The Journal of Hip Surgery 2020; 4(03): 149-154
DOI: 10.1055/s-0040-1715129
Original Article

Parkinson's Disease Is Associated with Increased Complications, Readmission Rates, and Costs of Care after Total Hip Arthroplasty: A Matched-Cohort Analysis

Simon Katz
1  Department of Medical Studies, New York Institute of Technology College of Osteopathic Medicine, Old Westbury, New York
,
Kevin B. Marchand
2  Department of Orthopaedic Surgery, Lenox Hill Hospital, New York, New York
,
3  Department of Orthopaedic Surgery, Orthopedic Research Institute, Holy Cross Hospital, Fort Lauderdale, Florida
,
Hiba Anis
4  Department of Orthopaedic Surgery, Cleveland Clinic, Cleveland, Ohio
,
Nipun Sodhi
5  Department of Orthopaedic Surgery, Long Island Jewish Medical Center, New Hyde Park, New York
,
Nicolas S. Piuzzi
4  Department of Orthopaedic Surgery, Cleveland Clinic, Cleveland, Ohio
,
Michael A. Mont
2  Department of Orthopaedic Surgery, Lenox Hill Hospital, New York, New York
,
Martin W. Roche
6  Department of Orthopaedic Surgery, Holy Cross Hospital, Fort Lauderdale, Florida
› Author Affiliations

Abstract

Studies investigating the impact of Parkinson's disease (PD) on patients undergoing primary total hip arthroplasty (THA) are limited. Therefore, the purpose of this study was to investigate whether PD patients undergoing primary THA are at increased risk of: (1) medical complications; (2) implant-related complications; (3) readmissions; and (4) costs. A query was performed using an administrative claims database. Matched non-PD patients undergoing primary THA served as a control group. Non-PD patients undergoing primary THA served as a matching cohort. The query yielded 39,184 patients (PD = 9,796; control = 29,388). Pearson's chi-square tests, logistic regression analyses, and Welch's t-tests were used to test for significance between the cohorts. Patients who have PD were found to have increased odds (4.64 vs. 1.15%; odds ratio [OR]: 4.19, 95% confidence interval [CI]: 3.60–4.87, p < 0.0001) of medical complications compared with the matched cohort. PD patients had greater odds of implant-related complications (7.12 vs. 3.99; OR: 1.84, p < 0.0001). PD patients also had significantly higher odds of 90-day readmission (19.83 vs. 15.29%; OR: 1.37, 95% CI: 1.29–1.45, p < 0.0001) and incurred greater 90-day costs of care ($20,143 vs. $16,905, p < 0.0001). The results of the study demonstrate that PD is an independent risk factor for medical complications, implant-related complications, readmission rates, and increased costs of care following a primary THA. The findings of this study should be used in risk stratification and should inform physician–patient discussion but should not be arbitrarily used to deny access to care.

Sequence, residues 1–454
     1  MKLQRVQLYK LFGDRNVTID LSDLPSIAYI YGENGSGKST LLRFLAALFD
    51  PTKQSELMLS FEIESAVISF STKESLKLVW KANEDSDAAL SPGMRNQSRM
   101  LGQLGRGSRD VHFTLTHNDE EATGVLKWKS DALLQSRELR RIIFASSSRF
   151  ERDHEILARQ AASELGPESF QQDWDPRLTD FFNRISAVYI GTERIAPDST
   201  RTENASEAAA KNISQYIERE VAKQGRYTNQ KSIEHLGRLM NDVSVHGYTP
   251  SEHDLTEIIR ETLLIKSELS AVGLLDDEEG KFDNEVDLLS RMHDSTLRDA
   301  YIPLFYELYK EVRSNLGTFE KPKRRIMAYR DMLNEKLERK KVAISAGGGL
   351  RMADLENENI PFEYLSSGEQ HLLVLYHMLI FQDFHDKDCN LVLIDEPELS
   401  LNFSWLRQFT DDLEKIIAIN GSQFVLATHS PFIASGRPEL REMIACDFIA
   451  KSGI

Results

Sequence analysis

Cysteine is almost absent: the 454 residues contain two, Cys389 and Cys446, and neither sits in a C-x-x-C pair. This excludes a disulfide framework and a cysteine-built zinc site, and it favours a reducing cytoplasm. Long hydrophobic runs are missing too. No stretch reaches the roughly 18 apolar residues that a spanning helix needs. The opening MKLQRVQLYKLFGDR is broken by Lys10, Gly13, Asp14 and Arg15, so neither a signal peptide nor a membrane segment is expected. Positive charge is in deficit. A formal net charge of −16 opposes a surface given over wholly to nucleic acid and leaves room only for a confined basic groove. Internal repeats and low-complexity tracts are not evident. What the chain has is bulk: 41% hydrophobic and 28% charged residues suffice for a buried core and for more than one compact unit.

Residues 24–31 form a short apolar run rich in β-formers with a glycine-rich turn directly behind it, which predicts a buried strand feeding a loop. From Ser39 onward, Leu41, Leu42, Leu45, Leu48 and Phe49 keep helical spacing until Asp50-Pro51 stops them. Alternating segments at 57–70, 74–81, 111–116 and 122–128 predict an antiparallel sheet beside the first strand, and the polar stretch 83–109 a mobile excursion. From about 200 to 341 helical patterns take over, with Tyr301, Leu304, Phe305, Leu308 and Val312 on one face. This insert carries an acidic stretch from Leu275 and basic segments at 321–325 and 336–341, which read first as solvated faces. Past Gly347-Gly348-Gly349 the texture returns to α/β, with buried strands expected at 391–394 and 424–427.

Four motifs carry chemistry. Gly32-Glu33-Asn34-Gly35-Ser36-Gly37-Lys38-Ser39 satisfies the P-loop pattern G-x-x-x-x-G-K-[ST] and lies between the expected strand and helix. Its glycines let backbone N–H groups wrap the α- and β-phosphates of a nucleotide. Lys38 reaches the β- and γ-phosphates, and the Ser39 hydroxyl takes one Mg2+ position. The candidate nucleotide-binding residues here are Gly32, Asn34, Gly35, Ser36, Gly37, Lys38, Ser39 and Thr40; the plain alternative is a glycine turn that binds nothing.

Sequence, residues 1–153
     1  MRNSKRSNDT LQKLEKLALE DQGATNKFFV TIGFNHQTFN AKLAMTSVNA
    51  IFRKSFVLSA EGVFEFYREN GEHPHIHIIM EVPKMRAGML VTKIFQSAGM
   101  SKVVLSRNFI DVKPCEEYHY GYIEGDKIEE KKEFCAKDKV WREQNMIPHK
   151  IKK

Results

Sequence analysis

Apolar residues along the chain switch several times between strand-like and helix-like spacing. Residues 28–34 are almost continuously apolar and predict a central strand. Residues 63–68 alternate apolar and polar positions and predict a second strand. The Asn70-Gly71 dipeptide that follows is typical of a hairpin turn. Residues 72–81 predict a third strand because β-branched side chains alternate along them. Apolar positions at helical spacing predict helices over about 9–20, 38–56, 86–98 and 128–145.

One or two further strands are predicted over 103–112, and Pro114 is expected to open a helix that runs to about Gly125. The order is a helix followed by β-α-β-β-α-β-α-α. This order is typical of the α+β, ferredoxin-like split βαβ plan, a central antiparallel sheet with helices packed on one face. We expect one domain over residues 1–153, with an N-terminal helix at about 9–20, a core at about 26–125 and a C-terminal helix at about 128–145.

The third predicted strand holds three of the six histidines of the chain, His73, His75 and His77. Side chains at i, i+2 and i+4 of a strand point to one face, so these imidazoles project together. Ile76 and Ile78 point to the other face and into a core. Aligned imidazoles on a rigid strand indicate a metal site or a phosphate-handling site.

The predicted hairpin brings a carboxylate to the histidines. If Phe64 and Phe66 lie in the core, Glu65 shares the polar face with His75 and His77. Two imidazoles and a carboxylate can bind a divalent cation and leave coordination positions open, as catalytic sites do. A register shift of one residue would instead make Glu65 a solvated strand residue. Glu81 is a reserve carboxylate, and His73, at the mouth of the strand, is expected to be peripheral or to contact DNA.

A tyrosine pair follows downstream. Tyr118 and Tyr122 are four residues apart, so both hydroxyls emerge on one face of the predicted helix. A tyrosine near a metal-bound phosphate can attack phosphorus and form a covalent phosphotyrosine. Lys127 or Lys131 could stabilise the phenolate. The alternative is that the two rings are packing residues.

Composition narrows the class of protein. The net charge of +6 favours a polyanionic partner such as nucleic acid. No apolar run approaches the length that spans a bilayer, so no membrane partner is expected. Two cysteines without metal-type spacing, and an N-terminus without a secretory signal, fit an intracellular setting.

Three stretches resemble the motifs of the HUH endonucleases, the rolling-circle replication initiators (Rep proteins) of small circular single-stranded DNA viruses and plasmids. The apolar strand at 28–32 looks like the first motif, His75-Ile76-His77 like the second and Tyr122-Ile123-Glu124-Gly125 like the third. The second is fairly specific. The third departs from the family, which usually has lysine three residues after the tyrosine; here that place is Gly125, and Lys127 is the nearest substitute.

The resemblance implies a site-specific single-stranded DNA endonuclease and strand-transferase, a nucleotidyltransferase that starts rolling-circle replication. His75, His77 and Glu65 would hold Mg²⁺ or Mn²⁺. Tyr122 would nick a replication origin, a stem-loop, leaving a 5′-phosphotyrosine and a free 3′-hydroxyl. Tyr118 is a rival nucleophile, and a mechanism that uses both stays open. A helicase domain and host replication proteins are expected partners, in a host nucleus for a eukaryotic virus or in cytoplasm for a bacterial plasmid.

Publication History

Received: 04 February 2020

Accepted: 10 June 2020

Publication Date:
22 September 2020 (online)

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